A Multiple Phases Approach for Design Patterns Recovery Based on Structural and Method Signature Features

A Multiple Phases Approach for Design Patterns Recovery Based on Structural and Method Signature Features

Mohammed Ghazi Al-Obeidallah (Department of Computing, University of Brighton, Brighton, UK), Miltos Petridis (Department of Computing, Middlesex University, London, UK) and Stelios Kapetanakis (Department of Computing, University of Brighton, Brighton, UK)
Copyright: © 2018 |Pages: 17
DOI: 10.4018/IJSI.2018070103

Abstract

Design patterns describe both structure, behavior of classes and their relationships. They can improve software documentation, speed up the development process and enable large-scale reuse of software architectures. This article presents a multiple levels detection approach (MLDA) to recover design pattern instances from Java source code. MLDA is able to recover design pattern instances based on a generated class level representation of a subject system. Specifically, MLDA presents what is the so-called Structural Search Model (SSM) which incrementally builds the structure of each design pattern based on the generated source code model. Moreover, MLDA uses a rule-based approach to match the method signatures of the candidate design instances to that of the subject system. As the experiment results illustrate, MLDA is able to recover 23 design patterns with reasonable detection accuracy.
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2. Recovering Design Pattern Instances

The Multiple Levels Detection Approach (MLDA) is a research prototype, which has been developed to recover the instances of design patterns from Java source code. MLDA involves three main levels: a parsing level, a searching level and method signatures matching level. The architecture of MLDA appears in Figure 1.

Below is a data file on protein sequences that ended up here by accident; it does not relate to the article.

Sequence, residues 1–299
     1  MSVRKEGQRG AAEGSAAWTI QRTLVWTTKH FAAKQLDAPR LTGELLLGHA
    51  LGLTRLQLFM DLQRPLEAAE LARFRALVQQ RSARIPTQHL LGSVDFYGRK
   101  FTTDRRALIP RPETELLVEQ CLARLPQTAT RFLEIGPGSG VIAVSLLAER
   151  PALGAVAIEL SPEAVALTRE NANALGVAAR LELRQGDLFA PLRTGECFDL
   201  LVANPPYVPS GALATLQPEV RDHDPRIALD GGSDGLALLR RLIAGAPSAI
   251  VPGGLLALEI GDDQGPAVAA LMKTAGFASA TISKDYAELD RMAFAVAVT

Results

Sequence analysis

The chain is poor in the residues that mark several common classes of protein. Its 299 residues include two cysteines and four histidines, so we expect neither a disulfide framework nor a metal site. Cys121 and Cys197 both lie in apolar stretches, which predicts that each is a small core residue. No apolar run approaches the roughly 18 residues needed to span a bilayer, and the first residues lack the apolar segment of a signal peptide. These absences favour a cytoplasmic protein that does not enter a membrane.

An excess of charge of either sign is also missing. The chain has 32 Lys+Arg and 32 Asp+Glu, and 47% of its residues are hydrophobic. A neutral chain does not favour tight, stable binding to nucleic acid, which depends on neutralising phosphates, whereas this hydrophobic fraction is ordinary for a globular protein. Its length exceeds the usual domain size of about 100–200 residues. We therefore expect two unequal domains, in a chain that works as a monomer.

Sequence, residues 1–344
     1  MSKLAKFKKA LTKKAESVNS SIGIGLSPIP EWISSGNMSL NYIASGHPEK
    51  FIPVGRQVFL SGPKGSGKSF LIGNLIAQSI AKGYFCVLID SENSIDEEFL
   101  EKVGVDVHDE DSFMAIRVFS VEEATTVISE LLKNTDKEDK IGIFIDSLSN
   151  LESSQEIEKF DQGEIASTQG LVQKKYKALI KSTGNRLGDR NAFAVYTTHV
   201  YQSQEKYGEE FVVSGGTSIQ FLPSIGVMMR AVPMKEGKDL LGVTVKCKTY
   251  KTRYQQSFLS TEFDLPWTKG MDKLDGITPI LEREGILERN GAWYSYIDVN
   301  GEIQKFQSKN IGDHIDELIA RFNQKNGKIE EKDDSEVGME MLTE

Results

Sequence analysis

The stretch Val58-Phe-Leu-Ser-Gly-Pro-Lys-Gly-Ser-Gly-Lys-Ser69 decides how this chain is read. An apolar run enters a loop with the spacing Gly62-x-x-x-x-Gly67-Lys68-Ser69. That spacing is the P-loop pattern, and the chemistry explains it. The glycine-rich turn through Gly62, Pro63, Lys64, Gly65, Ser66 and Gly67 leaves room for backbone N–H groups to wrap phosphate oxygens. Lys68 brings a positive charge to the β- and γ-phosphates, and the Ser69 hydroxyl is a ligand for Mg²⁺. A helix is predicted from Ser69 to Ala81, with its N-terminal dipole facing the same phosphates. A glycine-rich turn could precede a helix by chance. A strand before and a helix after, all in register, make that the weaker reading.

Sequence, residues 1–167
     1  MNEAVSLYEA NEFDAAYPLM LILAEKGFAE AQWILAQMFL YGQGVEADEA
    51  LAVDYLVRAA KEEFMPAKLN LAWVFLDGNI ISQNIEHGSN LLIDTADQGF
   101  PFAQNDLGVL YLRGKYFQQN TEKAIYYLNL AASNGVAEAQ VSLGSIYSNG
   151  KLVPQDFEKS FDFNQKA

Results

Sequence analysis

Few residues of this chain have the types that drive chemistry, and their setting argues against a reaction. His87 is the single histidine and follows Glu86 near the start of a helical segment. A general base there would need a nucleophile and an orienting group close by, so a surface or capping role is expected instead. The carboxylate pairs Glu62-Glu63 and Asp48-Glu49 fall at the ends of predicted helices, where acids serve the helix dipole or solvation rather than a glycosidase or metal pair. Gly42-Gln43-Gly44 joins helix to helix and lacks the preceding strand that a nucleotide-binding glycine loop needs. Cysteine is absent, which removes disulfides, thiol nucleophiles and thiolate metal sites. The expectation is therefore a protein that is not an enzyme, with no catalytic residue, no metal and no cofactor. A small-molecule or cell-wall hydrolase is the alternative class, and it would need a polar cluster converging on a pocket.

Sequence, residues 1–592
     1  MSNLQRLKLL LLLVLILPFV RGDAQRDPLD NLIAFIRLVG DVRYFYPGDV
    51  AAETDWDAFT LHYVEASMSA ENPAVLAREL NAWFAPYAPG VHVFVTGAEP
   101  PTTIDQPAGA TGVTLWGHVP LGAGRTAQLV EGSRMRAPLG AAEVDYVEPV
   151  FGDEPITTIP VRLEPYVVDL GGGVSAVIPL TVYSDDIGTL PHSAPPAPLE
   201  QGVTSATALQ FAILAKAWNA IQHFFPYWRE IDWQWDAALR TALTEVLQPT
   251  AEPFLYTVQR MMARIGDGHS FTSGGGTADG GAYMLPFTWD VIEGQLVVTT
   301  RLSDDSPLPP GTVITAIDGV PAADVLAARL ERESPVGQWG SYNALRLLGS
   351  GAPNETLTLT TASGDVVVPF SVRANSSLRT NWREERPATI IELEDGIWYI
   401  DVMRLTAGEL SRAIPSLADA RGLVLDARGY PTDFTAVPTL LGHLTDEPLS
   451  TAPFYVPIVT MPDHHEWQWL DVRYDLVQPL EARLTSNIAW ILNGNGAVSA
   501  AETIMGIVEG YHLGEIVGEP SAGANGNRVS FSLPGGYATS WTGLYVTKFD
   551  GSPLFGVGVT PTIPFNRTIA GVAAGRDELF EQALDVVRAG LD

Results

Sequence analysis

The parsing level aims to recover the source code information and produce a source code model. Moreover, MLDA aims to recover the five key relationships, which may occur between classes and objects inside any object-oriented program. These relationships are Inheritance, Aggregation, Association, Dependency and Realization. On the other hand, the searching level of MLDA aims to examine the source code model that has been developed during the parsing level and tries to match it with the GoF’s catalog.

Specifically, MLDA introduces a Structural Search Model (SSM), which involves a searching algorithm for each design pattern. MLDA works on the principle of building the patterns incrementally based on the connecting relationships. The third level of MLDA is the method signatures matching level. The method signatures of the subject system are represented as a set of facts. On the other hand, the required method signatures of the candidate design instances are represented as a set of rules. CLIPS (C Language Integrated Production System) (Clipsrules.net, 2017), an expert system tool, has been used to match the generated facts and rules. It must be noticed that MLDA uses the standard codes presented by GoF (Gamma et al., 1995).

Figure 1.

The architecture of MLDA

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